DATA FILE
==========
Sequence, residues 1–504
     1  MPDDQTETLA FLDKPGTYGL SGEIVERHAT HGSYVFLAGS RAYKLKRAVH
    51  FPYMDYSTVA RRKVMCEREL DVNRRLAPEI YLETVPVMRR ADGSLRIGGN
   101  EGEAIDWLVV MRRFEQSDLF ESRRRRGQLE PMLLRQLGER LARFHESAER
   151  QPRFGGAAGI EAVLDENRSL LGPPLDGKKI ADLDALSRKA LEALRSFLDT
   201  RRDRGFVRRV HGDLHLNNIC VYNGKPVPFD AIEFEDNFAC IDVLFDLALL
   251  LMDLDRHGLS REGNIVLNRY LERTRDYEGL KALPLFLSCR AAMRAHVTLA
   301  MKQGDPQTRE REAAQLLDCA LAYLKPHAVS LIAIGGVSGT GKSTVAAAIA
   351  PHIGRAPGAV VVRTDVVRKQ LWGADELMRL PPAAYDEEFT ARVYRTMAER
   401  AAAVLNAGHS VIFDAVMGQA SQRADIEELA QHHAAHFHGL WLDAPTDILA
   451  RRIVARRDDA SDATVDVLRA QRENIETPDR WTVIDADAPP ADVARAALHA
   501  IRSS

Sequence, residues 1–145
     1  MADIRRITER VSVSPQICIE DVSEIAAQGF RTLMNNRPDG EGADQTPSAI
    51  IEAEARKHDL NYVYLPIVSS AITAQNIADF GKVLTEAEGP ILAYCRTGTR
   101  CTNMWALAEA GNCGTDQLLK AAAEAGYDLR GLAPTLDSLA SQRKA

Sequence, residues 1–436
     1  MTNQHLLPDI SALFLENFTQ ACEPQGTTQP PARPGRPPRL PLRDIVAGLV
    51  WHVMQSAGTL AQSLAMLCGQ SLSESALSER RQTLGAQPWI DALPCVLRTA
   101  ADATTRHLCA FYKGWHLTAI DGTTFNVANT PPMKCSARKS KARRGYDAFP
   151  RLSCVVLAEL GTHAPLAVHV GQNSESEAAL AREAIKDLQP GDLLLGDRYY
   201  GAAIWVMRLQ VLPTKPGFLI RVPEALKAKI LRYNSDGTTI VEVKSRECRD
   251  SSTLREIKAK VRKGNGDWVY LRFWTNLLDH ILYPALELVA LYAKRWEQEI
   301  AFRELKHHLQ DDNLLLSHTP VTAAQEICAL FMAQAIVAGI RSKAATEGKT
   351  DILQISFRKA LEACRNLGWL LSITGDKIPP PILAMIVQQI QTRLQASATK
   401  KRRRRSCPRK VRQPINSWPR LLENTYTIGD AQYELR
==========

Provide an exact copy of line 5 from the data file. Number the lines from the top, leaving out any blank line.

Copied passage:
   151  QPRFGGAAGI EAVLDENRSL LGPPLDGKKI ADLDALSRKA LEALRSFLDT